All of this sounds expensive, but thanks to the introduction of “composable” supply chain architecture, it doesn’t have to be. And it can be implemented, scaled, and adapted quickly — in months, not years.
Composable architecture builds software systems from small, independent, modular application components that can be combined and changed/substituted to form a complete system. Modules are easily assembled and configured to meet specific business needs, saving time and money. The modular components communicate with one another via application programming interface (API) integrations.
How to build a frictionless supply chain.
The goal of a frictionless supply chain is to provide execution capability, visibility and analytics that extend across the entire supply chain. This construct begins with the data itself — making sure it’s clean, sync-ed correctly, and accessible. Then, interoperability and visibility are used to compose solutions easily and quickly across the enterprise, giving the chief supply chain officer visibility across the entire organization and enabling faster and more accurate decision-making.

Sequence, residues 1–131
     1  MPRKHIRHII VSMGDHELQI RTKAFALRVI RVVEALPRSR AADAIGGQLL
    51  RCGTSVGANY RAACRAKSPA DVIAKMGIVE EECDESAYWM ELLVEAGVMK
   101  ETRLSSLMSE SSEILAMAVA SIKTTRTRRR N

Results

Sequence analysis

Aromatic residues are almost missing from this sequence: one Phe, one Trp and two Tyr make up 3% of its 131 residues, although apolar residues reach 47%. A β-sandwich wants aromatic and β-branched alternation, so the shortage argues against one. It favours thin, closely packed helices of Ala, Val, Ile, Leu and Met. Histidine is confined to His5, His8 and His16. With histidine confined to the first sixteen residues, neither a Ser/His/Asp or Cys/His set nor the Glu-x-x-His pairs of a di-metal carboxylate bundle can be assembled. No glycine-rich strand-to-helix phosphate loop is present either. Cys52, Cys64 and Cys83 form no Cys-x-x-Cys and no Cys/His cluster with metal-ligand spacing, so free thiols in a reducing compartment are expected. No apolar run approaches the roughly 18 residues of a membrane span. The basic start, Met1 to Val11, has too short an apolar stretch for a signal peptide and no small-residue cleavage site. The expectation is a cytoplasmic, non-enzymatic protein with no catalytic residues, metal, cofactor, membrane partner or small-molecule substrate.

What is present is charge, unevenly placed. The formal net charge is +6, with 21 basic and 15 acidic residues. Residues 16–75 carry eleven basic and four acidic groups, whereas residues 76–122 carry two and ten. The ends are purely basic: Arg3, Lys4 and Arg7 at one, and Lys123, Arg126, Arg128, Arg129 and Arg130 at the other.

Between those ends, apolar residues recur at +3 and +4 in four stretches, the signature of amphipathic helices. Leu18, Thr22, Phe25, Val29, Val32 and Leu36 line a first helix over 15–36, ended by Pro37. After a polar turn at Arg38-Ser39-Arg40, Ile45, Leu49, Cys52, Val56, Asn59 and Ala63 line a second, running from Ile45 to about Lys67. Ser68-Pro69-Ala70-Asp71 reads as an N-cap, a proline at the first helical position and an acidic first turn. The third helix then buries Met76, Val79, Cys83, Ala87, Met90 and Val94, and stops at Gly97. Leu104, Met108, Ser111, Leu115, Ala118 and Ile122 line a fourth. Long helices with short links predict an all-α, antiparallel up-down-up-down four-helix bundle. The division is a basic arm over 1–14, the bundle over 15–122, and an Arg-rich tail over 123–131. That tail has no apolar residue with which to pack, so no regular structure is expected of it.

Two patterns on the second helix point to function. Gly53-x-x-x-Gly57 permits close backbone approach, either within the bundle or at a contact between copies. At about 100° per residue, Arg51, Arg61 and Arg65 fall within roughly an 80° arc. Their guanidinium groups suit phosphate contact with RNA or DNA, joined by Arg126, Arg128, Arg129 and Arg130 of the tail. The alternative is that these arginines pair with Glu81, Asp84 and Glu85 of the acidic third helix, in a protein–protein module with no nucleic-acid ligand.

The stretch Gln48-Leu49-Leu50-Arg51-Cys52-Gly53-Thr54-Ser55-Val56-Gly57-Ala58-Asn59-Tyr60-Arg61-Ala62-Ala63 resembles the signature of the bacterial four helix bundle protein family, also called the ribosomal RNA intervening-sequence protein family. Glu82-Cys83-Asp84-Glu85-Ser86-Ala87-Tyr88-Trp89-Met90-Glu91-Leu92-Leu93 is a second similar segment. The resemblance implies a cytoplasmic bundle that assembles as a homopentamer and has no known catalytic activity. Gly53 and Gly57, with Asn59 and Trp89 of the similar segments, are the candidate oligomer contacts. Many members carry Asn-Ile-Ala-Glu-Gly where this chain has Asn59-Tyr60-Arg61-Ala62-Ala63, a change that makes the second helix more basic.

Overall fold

Membership in the Mach Alliance enables this solution approach. The MACH (Microservices-based, API-first, Cloud-native SaaS and Headless) Alliance is a group of independent tech companies dedicated to advocating for open, best-of-breed technology ecosystems.
Integration and visibility for a leaner supply chain.
Frictionless solutions allow enterprise-wide supply chain visibility and orchestration. The combination of integration expertise and connected data-driven supply chain software and tools enable this orchestration. They help companies create self-stabilizing and responsive supply chains. Businesses can deploy new modules and models quickly as their e-commerce needs change. Predictive analytics, AI and machine learning can help businesses become more proactive in their supply chain operations, and better able to scale with demand and the pressures of constant disruption. This means a leaner, more efficient, cost-effective and resilient supply chain and, for the customer, a more stable, satisfying buying experience.